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New Zealand wins Bronze WTF Para-Taekwondo Championships

8 Jul. 2013 Posted by Garry Carpenter

 

4th WTF Para-Taekwondo World Championships 
Lausanne, Switzerland, June 8, 2013
 
Jason Whitcombe (Athlete) & Tim Urquhart (Coach) 

June 7 
Our trip had been going well until the day we left Paris for Lausanne. First the metro broke down and then the taxi driver took us to the wrong train station, - lost in translation. Lesson learned. Show them on the map, and don’t trust your pronunciation! By the time we got to the right train station we had missed our train by some 3 minutes, so had to purchase new tickets and wait four hours for the next one. Arrived in Lausanne at 8pm and easily found our hotel (thankfully).

June 8 
Arrived at the venue at 8am and watched the start of the Swiss Open. It was a buzz to recognise some of the athletes and coaches from the London Olympics, (as seen on TV). 

There were a total of 82 competitors at the World Para-Taekwondo Championships. 65 males and 17 females from 25 countries, with 19 divisions being contested. The tournament is open to red belts up with the divisions being based on disability, gender, and weight (Olympic weight divisions). There is no distinction by belt. 

Previously the A5 & A6 disability divisions had been combined, as with the A7 & A8 divisions, making for more competitors in each division. In this year’s tournament the disability divisions were not combined, making the divisions smaller. The tournament was single elimination with bronze medals awarded to the losers of the two semi-finals.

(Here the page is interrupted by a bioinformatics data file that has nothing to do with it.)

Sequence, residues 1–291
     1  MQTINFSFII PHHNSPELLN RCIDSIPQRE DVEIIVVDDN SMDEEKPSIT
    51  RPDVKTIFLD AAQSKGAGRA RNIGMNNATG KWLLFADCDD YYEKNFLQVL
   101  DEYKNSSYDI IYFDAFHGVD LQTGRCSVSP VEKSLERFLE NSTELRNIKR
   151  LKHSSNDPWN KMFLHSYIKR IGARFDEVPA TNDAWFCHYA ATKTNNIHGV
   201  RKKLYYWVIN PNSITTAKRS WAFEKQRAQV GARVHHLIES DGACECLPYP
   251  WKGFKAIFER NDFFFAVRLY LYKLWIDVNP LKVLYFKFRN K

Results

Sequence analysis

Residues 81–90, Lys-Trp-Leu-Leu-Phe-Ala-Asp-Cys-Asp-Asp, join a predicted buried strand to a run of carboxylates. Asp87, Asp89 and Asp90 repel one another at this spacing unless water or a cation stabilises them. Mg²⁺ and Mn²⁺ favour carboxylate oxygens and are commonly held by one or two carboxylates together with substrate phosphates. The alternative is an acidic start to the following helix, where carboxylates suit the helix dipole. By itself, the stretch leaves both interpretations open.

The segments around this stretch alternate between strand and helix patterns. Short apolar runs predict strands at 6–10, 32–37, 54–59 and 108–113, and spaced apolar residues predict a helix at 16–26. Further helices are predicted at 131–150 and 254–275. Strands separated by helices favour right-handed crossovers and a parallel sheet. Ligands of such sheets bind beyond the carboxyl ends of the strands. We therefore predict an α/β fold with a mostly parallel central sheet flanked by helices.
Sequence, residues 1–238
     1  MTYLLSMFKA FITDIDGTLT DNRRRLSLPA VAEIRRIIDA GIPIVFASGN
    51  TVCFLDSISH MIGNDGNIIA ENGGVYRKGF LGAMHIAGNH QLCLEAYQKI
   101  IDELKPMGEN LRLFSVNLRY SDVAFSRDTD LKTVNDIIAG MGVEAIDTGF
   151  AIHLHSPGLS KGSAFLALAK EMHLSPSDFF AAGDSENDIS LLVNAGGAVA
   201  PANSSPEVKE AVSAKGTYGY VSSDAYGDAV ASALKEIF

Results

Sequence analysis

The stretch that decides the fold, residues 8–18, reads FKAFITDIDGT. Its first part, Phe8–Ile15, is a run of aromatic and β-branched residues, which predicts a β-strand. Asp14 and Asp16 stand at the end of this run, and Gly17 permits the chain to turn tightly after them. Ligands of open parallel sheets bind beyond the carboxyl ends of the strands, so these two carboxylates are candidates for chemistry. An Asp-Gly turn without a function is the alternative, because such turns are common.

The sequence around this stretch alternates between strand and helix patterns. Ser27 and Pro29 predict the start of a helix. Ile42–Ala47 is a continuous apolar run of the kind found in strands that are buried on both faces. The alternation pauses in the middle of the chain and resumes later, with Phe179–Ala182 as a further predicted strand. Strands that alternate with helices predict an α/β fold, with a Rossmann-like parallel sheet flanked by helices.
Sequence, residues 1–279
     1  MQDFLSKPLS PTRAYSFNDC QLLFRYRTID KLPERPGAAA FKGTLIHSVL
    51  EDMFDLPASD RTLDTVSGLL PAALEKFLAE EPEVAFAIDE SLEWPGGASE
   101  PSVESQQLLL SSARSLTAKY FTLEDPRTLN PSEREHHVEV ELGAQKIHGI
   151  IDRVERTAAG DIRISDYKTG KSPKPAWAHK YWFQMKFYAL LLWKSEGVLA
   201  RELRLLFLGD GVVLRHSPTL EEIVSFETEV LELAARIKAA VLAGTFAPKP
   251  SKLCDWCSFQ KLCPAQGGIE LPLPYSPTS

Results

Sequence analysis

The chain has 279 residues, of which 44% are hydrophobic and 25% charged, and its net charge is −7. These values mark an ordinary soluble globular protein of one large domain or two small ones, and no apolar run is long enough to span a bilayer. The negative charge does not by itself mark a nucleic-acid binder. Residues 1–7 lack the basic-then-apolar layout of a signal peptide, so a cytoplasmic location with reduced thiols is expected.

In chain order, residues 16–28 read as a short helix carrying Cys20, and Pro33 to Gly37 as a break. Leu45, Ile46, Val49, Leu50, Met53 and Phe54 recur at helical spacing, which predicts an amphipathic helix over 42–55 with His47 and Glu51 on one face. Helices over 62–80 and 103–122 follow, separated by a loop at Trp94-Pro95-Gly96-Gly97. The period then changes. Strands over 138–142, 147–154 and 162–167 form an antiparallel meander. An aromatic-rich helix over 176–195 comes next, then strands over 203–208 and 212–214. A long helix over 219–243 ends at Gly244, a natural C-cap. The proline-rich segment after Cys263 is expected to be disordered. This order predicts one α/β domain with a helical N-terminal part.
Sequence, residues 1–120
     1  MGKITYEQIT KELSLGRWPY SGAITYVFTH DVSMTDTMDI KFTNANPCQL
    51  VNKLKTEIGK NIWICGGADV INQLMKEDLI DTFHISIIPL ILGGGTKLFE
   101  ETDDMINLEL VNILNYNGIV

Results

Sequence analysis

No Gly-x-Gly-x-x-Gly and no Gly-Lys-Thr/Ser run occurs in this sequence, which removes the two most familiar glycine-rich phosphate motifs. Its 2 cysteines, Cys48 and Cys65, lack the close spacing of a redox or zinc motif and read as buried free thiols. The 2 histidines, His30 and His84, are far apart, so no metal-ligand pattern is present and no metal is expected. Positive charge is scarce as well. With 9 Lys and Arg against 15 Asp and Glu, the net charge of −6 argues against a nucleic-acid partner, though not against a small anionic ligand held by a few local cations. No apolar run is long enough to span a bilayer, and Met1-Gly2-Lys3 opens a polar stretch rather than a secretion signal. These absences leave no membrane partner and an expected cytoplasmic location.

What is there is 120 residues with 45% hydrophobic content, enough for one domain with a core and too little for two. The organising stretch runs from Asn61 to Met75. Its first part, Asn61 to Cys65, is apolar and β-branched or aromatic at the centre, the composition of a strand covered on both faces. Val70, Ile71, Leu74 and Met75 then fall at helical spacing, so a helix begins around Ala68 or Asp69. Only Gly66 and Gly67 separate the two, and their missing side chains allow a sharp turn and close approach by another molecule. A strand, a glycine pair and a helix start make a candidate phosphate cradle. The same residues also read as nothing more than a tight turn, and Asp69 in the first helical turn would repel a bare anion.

I was competing in the A6 +80kg division (one arm amputated above the elbow), which had five competitors (Azerbaijan, Russia, Israel, Mexico, and New Zealand). The draw saw Israel and I progress straight into the semi-finals. 

Russia drew Mexico, with Russia going into the semi-final against Israel, and which Russia won to advance to the final. I drew Azerbaijan (defending world champion) and was beaten 5-1. Azerbaijan went on to beat Russia 3-2 in the final to become a double world champion. 

Unfortunately, due to breaking my wrist three months before the tournament, the lack of hard sparring leading up to the tournament showed. If you wish to compete at a higher level you need all the hard sparring you can get (tournaments and club trainings). 

Russia was the overall top male team, Azerbaijan 2nd and Turkey 3rd. The top female team was Turkey, followed by Russia and Azerbaijan. 

The most inspiring thing for me at the tournament was seeing the 11 athletes with no arms out on the mat sparring. 

Apart from the disappointment of losing my match, the only issue for me was that the competitor from Azerbaijan still had two complete arms. He did have lack of movement in his right arm, but still had enough movement to block. In the end it felt like I sparred against an able-bodied person. 

I had a fantastic trip and am looking forward to representing New Zealand again in 2015. 

First and foremost a huge thank you to Tim Urquhart, for putting one hand up and the other in his wallet to be the my coach. And to the TNZ High Performance Director for Kyorugi, Master Kesi for his advice, encouragement, and training sessions at his club, and for the kiwi t-shirts, which were worn with pride. To Grandmaster Kim for supporting and enabling me to represent New Zealand, to Garry Carpenter (club instructor) for his advice and pushing me hard during club trainings, and sparking my interest in the tournament back when I was a yellow belt. Lastly, and most importantly, to my son Joshua, for sacrificing father/son time so I could train.